Senator Bill Frist penned this article in support of a Tennessee state historic tax credit.

Click to see the entire article in The Tennesseean.

photo credit Mark Zaleski


Let’s harness our heritage to revitalize Tennessee main streets and communities

Tennessee is rich in history, but the physical evidence of our heritage is increasingly threatened by our state’s dramatic growth. The structures that have served for generations as the center of spiritual, social, cultural and economic vitality are being torn down or left in disrepair because of the misguided notion that it’s always cheaper to build something new rather than restore and preserve the old.

For example, in rural areas across the state the inability to save important historic structures or landscapes that once played a vital role in the success and identity of those communities is widespread. Buildings around our many courthouse squares, within “Main Street” districts or places that were once farming homesteads are disappearing due to neglect, the lack of adequate financial resources or, like our cities, threatened by uncontrolled development.

Just in my hometown of Nashville, the nationally celebrated Music Row, which tells the story of country music and planted the seeds that built Music City USA, is being demolished at an alarming rate. Between 2013 and 2019, at least 55 music-related buildings were torn down, replaced by apartment and condominium buildings. The places that defined the heart and soul of Nashville, and of Tennessee, are quickly disappearing.

There is a way to save and revitalize the storied buildings of our downtowns and communities while repurposing them to spur economic growth at the local level. The answer is enacting a state historic preservation tax credit. The credit works by incentivizing substantial rehabilitation of historic buildings for income-producing or business use. It requires preservation of the historic character of the property and makes it feasible to preserve older structures that would otherwise be too cost-prohibitive to renovate or restore. Simultaneously, it can save our state’s tangible past in a way that conserves resources, reduces waste and creates jobs.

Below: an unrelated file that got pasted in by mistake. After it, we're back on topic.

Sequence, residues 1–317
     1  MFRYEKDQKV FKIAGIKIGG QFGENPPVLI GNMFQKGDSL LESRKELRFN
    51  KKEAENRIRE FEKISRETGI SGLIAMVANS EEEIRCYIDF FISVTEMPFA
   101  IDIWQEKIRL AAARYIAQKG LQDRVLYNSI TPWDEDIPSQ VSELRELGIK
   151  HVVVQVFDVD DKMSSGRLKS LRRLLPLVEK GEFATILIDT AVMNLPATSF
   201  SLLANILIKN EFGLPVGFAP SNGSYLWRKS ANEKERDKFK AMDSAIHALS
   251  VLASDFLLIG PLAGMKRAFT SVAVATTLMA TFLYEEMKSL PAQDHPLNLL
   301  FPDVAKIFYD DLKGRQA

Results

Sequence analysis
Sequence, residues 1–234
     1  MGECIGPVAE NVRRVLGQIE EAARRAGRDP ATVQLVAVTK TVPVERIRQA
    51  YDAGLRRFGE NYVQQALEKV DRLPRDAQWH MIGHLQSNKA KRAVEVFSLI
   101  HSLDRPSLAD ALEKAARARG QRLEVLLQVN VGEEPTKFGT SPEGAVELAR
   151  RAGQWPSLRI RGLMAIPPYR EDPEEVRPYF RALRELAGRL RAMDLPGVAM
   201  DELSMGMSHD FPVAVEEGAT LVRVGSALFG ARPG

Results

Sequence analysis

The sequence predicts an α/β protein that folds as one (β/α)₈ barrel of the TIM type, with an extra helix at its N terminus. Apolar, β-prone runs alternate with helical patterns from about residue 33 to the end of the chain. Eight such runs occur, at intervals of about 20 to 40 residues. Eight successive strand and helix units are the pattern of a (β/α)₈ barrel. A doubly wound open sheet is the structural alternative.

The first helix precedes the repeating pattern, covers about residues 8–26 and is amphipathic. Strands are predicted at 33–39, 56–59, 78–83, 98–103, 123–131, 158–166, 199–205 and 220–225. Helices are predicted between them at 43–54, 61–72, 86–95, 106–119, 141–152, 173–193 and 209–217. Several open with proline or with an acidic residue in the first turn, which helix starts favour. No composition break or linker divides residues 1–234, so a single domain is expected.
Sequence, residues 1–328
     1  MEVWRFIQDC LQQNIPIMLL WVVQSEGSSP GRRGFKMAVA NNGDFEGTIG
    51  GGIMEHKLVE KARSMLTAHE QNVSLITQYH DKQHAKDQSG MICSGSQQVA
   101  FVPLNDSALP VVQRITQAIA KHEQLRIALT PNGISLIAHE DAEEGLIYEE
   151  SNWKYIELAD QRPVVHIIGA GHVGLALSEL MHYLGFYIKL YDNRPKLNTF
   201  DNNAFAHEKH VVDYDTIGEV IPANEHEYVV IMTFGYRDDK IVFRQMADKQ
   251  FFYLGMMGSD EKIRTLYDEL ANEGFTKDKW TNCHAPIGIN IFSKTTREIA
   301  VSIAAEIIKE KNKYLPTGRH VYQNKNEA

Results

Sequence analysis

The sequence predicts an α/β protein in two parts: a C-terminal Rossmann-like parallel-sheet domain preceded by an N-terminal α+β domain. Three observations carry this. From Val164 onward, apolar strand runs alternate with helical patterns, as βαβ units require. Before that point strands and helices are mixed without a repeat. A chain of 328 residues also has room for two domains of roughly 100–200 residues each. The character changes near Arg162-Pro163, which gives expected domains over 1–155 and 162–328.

A pilot historic preservation and development grant program launched in our state in 2021 has already produced meaningful results, demonstrating interest and demand that can be built on with a permanent tax credit in Tennessee. Indeed, demand for the grant funds, which are dedicated currently to rural counties, outstripped available funds in the program’s first year, with requests totaling $9.5 million for the $4.8 million available. This led to Gov. Bill Lee smartly increasing the grant program to $10 million for 2022. For 2023, we can make this grant program permanent and, ideally, further extend this opportunity to all Tennessee communities by codifying it as a tax credit.


History of the federal and state historic preservation tax credit

This tax credit is not a new idea. In fact, President Ronald Reagan made a federal version of the historic preservation tax credit permanent, providing a 20% income tax credit for the rehabilitation of income-producing buildings that are certified historic structures. According to the U.S. Department of the Interior, it has become the nation’s “most effective program to promote historic preservation and community revitalization through historic rehabilitation.” Latest figures show 47,000 completed projects since its enactment, leveraging over $116.34 billion in private investment.